'The Tragedy of Macbeth' review - Saoirse Ronan stuns in Yaël Farber’s raw Almeida Theatre production
Before the Wyrd sisters utter a word, we know something sinister is afoot. A dark stage features a wheelchair, an oxygen tank, a water spigot, and a wheelbarrow of black boots with a ghostlight illuminating the scene. As the still-life awakens, we're greeted with a tableau of a war-torn country, complete with soldiers and the title Scot picking up his rifle. Something wicked this way comes indeed.
Director Yaël Farber's pulsating and achingly current take on Shakespeare's tragedy makes the familiar tale of the conflicted, power-grabbing thane feel eerily fresh. Each scene presents a complex stage portrait, and Soutra Gilmour's set design uses every surface, from a soaked stage to a reflective panel to create stunning dimension, with the help of Tim Lutkin's moody lighting.
The production has made buzzy headlines for its starry leads Saoirse Ronan and James McArdle, both excellent, but while the stripped-back poster photography conveys a raw sexuality, the chemistry on display here, in love and in war, is much more electric and feral.
Ronan's Lady Macbeth is the clear, conniving puppet master to the plot, and her seeming ingenue innocence belies the strings she's able to pull to all the greater effect. Ronan almost slithers around the stage, courting her prey, and it's only when the attack is too great that her Lady Macbeth descends into madness. Ronan's delivery makes you lean in and listen, lending her all the more control of the action. She doesn't need to shout to make her Lady Macbeth powerful; all she needs is you to watch her, which you can't help doing.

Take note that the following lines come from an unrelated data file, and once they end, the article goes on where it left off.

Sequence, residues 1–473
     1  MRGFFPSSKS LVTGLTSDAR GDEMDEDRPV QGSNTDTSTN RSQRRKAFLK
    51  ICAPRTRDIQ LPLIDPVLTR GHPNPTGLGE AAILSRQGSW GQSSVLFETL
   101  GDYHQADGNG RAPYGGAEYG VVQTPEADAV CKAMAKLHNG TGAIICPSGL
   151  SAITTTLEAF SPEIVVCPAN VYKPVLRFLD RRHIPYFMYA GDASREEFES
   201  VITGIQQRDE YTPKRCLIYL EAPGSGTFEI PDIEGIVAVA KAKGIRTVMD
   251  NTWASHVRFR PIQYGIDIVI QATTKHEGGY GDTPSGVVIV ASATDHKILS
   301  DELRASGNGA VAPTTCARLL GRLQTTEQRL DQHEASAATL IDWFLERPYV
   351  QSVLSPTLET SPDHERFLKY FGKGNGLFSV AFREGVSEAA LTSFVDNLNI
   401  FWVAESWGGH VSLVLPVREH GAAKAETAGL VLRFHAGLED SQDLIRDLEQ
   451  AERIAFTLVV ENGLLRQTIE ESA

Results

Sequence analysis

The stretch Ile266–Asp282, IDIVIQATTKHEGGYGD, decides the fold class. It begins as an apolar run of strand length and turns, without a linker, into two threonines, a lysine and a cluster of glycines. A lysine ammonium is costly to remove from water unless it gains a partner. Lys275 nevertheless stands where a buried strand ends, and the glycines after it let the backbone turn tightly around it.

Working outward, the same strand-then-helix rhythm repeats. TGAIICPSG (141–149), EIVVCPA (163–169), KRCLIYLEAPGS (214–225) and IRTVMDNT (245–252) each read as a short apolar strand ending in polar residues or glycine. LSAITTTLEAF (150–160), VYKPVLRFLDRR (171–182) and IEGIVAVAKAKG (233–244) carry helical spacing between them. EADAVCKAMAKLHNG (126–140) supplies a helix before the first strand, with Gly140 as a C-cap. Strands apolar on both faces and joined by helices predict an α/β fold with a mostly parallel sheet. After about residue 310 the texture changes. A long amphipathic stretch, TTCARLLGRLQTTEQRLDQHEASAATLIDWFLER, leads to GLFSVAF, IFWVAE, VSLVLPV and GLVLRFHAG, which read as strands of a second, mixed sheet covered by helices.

Meanwhile McArdle's Macbeth is one of the most troubled I've seen, as he starts as a jovial, cheerful lad and spirals into lunacy and child-like fear at the effect of his actions. McArdle has found something sympathetic in what some might consider a tyrant of a character, and even though we know what the inevitable end must be, there's something that feels just as tragic in Macbeth's death as in all the others. He's typically the ultimate antihero, but here, he's a little bit of a lost boy, something the final moment drives home.
The large supporting cast are all top notch, with several standout performances. Akiya Henry is heartbreaking and haunting as Lady Macduff, and I don't think I'll ever forget the horror of her final scene. That disturbing display is only matched by the pure emotional outcry from Emun Elliott as Macduff in response. A cathartic and captivating performance.
The Wyrd Sisters, here, are Diane Fletcher, Maureen Hibbert, and Valerie Lilley, seen as buttoned-up types in Joanna Scotcher's modern costumes. The trio moves in synchronicity and every bit as matter-of-fact as their fashions, knowing the deed is done before the action even starts.
Fair is foul, and foul is fair, and just as in Macbeth, it can be hard to distinguish between the two sometimes. Farber's production shows a divided world, and how easy it can be to go insane among conflicted opinions and power-hungry leaders. This Macbeth is a cautionary tale, one that does not tread lightly.
Photo credit: Saoirse Ronan and James McArdle (Photo by Marc Brenner)
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